Approaching SaaS Headless CMS Projects

This blog post lists some questions to start conversations while evaluating architectural requirements for SaaS headless content management projects, which typically include one or more websites. This post is not specific to any individual CMS and much of it could apply to any modern connected system, but I work for Contentstack and so emphasize relevant terminology in some places. If you have any suggestions to add to these lists, please comment on this blog post.

A successful CMS implementation prioritizes and balances customer requirements against resource constraints, of which development time is often primary. Before implementation, reviewing questions such as the following with anyone involved in the CMS can help to gather potential requirements. Help the customer understand the need to plan for potential future needs while minimizing initial expectations, especially anything that involves custom development, and then architect the solution appropriately.

  • What are the core goals and requirements of the solution, including expectations based on sales demonstrations, POCs, training, and experiences with other systems?
  • What is the chosen CMS, and for what primary reasons?
  • If there is a legacy CMS, what are the main reasons for its replacement?
  • What is the existing development process, and will it change with the new system?
  • Who are the parties involved in the implementation?
  • What are the main websites, user interfaces, applications, and other solution deliverables?
  • How often are new sites or other significant components of the solution created?
  • What are the lifespans of the various components of the solution?
  • What are the requirements for media?
  • What are the organization’s preferred development, scripting, source code, ticket, build, and other tools and technologies?
  • What hosting and programming technologies will the solution use for content delivery?
  • What is the size of the solution?
  • What are the requirements for internationalization and localization?
  • What is the information architecture of the solution?
  • What is the search solution, and what are the intentions for its use?
  • What is the strategy for defining and managing URLs, including redirects and vanity URLs?
  • What additional solutions, such as internal systems, media, streaming, commerce, social, experience management, and otherwise need to integrate with content management and content delivery, and in in what ways?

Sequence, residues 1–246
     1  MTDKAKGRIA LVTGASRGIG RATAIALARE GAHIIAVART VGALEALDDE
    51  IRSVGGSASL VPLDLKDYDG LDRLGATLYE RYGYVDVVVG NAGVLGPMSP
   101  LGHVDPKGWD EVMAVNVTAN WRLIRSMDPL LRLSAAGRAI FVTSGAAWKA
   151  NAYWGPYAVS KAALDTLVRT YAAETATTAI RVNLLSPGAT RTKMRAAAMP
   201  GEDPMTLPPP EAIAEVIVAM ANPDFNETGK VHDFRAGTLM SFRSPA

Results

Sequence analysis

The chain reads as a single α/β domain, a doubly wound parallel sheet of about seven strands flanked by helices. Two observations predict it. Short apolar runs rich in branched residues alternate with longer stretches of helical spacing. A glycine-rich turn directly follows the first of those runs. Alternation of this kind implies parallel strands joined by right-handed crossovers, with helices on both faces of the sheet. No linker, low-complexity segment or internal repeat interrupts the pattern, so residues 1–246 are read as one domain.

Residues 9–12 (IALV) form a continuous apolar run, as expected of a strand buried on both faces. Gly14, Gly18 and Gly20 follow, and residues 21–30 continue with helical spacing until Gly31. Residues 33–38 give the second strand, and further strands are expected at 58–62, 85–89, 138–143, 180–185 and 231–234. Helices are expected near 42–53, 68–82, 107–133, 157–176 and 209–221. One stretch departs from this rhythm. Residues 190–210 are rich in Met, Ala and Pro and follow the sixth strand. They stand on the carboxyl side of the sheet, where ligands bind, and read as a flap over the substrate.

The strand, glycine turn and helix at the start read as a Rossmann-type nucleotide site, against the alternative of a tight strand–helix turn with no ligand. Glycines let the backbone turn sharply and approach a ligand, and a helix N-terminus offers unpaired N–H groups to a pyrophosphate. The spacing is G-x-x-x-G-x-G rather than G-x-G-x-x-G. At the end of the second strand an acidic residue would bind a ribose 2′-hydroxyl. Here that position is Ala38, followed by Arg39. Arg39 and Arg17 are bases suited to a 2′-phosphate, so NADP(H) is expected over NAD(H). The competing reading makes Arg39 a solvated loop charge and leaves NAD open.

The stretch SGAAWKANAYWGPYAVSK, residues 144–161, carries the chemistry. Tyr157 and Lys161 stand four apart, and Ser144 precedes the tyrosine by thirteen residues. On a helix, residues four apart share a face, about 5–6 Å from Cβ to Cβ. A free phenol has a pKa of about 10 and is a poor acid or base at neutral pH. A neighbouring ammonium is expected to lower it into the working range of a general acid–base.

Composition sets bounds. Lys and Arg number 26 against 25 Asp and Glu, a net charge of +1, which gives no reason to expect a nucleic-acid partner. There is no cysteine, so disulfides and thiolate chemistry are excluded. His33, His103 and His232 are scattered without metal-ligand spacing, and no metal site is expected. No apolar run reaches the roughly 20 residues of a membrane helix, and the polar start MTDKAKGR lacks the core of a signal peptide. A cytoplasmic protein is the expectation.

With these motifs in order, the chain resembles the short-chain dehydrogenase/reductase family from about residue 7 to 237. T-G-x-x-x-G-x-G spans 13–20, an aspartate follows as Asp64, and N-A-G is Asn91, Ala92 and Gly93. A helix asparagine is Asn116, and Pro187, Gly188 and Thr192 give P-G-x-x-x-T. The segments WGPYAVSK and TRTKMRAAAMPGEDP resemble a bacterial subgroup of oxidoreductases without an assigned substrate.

• What are the known project deliverables, when are they due, who is responsible for each, and what is their state now?
  • How should preview, workflow, staging, and publishing work?
  • Is there an existing volume of semi-structured or better content worth attempting to migrate automatically?
  • Should visitor traffic interact with CMS, search, and other vendor platforms directly, or though services managed by the organization?
  • Will this solution involve an enterprise message bus?
  • In what cases would the organization use the vendor’s SDKs and in which would it call the HTTPS APIs directly?

In CMS, data modeling may be more fundamental to success than development. Mapping the information architecture and other known requirements to optimize content types used by the organization’s users to enter data is a skill and an art that takes some experience. To improve usability, try to minimize the number of content types and references between entries. Content types are flexible and easy to create and define. If possible, have the eventual CMS end-users evaluate prototype content types before committing to a specific strategy.

Apply vendor-specific content modeling features such as reusable structure definitions (Contentstack global fields), repeating fields (Contentstack multiple fields) and groups of fields (Contentstack groups), and nested flexible data structures (Contententstack modular blocks). Try to balance the data model to facilitate both CMS users and developers. Focus development resources on the content delivery environment (the published website) rather than the content management environment (customizations to the CMS).

While determining the content types, required fields, and field properties, identify where each CMS facility is most appropriate, specifically for integration with other systems.

  • Content Management API: Import, update, workflow, publish, and otherwise manage content.
  • Content Delivery API: JSON CDN of published content with query facilities.
    • GraphQL API: JSON CDN of published content with query facilities.
    • Synchronization: Initialize and then retrieve batches of updates.
  • Media Delivery API: Including server-side image manipulation and optimization.
  • Custom User Interfaces: Consider needs at the field, entry, and dashboard levels of the CMS UI.
  • Webhooks: External systems respond to event notification from the CMS.

Certain patterns emerge:

  • Custom field types can select data from external systems, such as a value from a selection list, the identifier of a product, or a more complex user interface consisting of multiple nested fields.
  • Webhooks and/or polling and/or custom UI components can trigger synchronization APIs such as to build or update a search index, clear caches, and otherwise manage data replicated into other systems.
  • A webhook listener can publish CMS events to an enterprise message bus with subscribers that trigger additional functionality.

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